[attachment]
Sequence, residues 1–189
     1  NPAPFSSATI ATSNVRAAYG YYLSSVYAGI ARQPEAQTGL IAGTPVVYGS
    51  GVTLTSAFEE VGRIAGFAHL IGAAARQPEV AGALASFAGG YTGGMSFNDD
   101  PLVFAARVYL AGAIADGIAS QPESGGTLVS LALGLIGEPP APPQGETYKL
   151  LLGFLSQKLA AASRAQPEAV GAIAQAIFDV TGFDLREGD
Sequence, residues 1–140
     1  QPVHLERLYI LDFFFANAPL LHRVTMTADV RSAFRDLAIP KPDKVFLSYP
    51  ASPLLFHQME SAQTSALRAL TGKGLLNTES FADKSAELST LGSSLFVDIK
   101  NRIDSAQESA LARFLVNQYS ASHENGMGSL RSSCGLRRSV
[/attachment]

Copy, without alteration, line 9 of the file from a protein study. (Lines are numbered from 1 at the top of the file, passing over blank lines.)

   101  NRIDSAQESA LARFLVNQYS ASHENGMGSL RSSCGLRRSV